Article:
Today food bloggers write to help bring awareness and donations for disaster relief efforts after Hurricane Sandy. The topic is--what comfort meal would you make for people in devastating circumstances? My contribution is beef sukiyaki, a Japanese dish to which nothing else holds a candle.
Try as he might, my Dad is not a chef by any standards. Truth be told, he was never vying to become one. His idea of a gourmet sandwich is taking two pieces of buttered bread and melting Velveeta cheese and Spam in between the slices. (My own guilty pleasure, by far). But unlike such a heart-stopping concoction, there is a dish that he can make exquisitely and that I clamor for every time I'm home. Sukiyaki is a sweet stew, traditionally filled with razor thin slices of beef, chunks of tofu, Napa cabbage, mushrooms, fish cake or kamaboko and whatever the preparer wishes to throw in. The broth is a mix of sugar and soy sauce, and my father was quite heavy handed on the sugar, never erring on the side of "health." It's warm, it's communal, and it takes time to prepare. In its simplicity, it's an elegant dish.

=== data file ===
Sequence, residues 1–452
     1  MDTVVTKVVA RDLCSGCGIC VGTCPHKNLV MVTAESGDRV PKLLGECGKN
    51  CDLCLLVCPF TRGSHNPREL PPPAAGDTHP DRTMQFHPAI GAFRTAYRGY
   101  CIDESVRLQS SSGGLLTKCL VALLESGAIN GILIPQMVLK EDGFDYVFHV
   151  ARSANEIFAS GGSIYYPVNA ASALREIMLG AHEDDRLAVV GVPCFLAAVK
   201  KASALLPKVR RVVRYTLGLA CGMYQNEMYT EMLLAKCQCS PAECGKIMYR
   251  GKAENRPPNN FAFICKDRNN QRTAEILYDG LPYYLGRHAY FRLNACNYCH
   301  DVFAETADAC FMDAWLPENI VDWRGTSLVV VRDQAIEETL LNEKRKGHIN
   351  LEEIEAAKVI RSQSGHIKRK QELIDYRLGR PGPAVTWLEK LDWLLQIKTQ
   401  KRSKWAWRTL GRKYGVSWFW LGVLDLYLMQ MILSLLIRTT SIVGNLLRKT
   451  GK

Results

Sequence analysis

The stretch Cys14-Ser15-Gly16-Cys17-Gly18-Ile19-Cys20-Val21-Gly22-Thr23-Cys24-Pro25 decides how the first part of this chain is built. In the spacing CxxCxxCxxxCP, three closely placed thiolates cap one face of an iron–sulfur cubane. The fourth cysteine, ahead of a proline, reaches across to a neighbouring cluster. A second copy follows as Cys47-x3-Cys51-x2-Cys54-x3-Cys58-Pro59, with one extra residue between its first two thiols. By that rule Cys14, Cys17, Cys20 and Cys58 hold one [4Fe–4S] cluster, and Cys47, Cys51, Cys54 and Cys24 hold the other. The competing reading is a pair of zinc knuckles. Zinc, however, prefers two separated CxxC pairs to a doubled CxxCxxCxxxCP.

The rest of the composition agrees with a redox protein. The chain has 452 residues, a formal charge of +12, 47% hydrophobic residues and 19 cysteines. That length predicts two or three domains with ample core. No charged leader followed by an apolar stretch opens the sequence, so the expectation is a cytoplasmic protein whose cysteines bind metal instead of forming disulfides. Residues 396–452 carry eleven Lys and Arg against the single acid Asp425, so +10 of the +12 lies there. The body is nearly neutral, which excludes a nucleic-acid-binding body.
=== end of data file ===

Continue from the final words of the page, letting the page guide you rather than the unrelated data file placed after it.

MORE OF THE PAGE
- 1 lb thinly sliced beef
- 8 shiitake mushrooms, stems removed
- 1 enoki mushroom, trimmed
- 1/2 Napa cabbage, washed and cut into 2 inch wide pieces
- 1 package bean sprouts, washed
- 1 package Kamaboko (fish cake)
- 2-3 packages firm tofu
- 4 pasteurized eggs for dipping
- 1 cup soy sauce
- 1 cup cooking sake
- 1 cup mirin
- 4 tbsp sugar
1. Heat sauce in a large skillet or wok over medium-high heat. Place the
beef in first (and make sure to not crowd the pan) and cook until the
pink is gone.
2. Add the rest of the ingredients little by little, starting with the vegetables and allowing the flavors to simmer together. Reduce to low heat.
3. Serve with white rice.
4. As an option, dip the beef in the egg.
This is not just what I grew up on, it links me to a nostalgic memory of being at home with my family, which, in times of horrible disaster, is the only thing that ever really matters.